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Melania Trump's destructive message to sex crime victims

Updated 11:21 PM ET, Thu October 11, 2018

Editor's Note: Elie Honig is a former federal and state prosecutor and currently a Rutgers University scholar. The views expressed in this commentary are his own. View more opinion articles on CNN.

(CNN) - In an interview with ABC News, first lady Melania Trump said that victims of sexual assault "need to have really hard evidence" before coming forward. She added, "I do stand with women, but we need to show the evidence. You cannot just say to somebody, 'I was sexually assaulted' or 'you did that to me' because sometimes the media goes too far. ..."

The hypocrisy is jarring. Trump proclaimed that she "stand(s) with women," yet, in the next breath, opined that sex crime victims should not be believed unless they produce independent corroborating evidence for their allegations. In fact, Trump badly misconstrues how sex crime cases and investigations actually work. At the same time, she sends a dangerous message that threatens to discourage sex crime victims from coming forward to hold their attackers accountable.

Trump's statement is problematic because it distorts the law. Simply put, testimony is evidence. A core purpose of any trial is to elicit testimony and to enable the jury to evaluate the credibility of the witness. By her words, Trump promoted a problematic misconception that witness testimony -- particularly if that witness is a victim of a sex assault -- should not be believed, or should not be believed enough to visit consequences on the accused.

To the contrary, the law places great weight on the testimony of a witness, even if that witness stands alone. Judges commonly instruct juries that even the testimony of one witness, if credited, can be enough to convict a defendant in a criminal trial beyond a reasonable doubt, which is the highest standard of proof known to our legal system -- and that's even in the absence of other corroborating evidence.

Trump's comments also are wrong from an investigative perspective. Law enforcement officers, and the public generally, do not expect victims of other types of crime to hunt for and obtain independent evidence. We do not expect robbery victims to dust for fingerprints, or fraud victims to track down bank records or hacking victims to run computer forensics. Why should it be any different for sex crime victims?

While victims sometimes do possess other evidence beyond their own testimony, it simply is not the responsibility of any crime victim to procure outside evidence. The victim's job is simply to tell law enforcement what happened. Law enforcement then pursues other evidence that may (or may not) support the victim's account.

This is how things are done -- and for good reason. For victims to pursue external evidence on their own, first, is potentially dangerous and, second, may not comport with the law, which could render that evidence unusable at trial.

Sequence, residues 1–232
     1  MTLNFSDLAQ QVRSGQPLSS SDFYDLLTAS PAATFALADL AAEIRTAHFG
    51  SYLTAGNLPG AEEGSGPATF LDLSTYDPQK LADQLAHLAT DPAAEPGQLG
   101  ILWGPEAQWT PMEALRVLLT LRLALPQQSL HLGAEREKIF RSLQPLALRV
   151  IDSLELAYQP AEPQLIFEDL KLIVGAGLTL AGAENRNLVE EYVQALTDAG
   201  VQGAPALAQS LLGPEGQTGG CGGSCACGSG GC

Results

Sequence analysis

But Trump's comments are most problematic because they discourage sex crime victims from coming forward in the first place. Sex crimes already are badly underreported across the United States. Conservative estimates show that at least 60% of sex crimes are never reported to law enforcement.

Indeed, it is extraordinarily difficult for sex crime victims to come forward for a complex combination of reasons. Victims fear that they will be shamed, stigmatized or disbelieved, or that they will be subject to retaliation by their attackers. It is noteworthy that, in the same interview in which she further stigmatized sex crime victims, Trump also proclaimed that she is "the most bullied person" in the world.

Trump's message is particularly insidious because it is extraordinarily rare and difficult for young sex crime victims to come forward, particularly against authority figures. More than 85% of sex assaults against children go unreported to law enforcement. It also is exceedingly common for young victims who do come forward to do so many years after they have been attacked. As time passes, independent evidence inherently becomes more difficult to obtain. Therefore, Trump's warning to victims that they should not come forward without external evidence, if heeded, disproportionately could benefit offenders who target children.

Often, it takes one victim with the courage and support network to come forward to embolden others to do the same. We have seen serial sexual predators from Jerry Sandusky to Larry Nassar to Bill Cosby brought to justice largely because first one victim -- and then many others -- came forward about events that happened years ago. This unequivocally is a powerful and positive trend in criminal justice and more broadly.

In her comments, Trump badly misused her platform as first lady to send a destructive message to sex crime victims: Don't speak up on your own, because you will not be believed.


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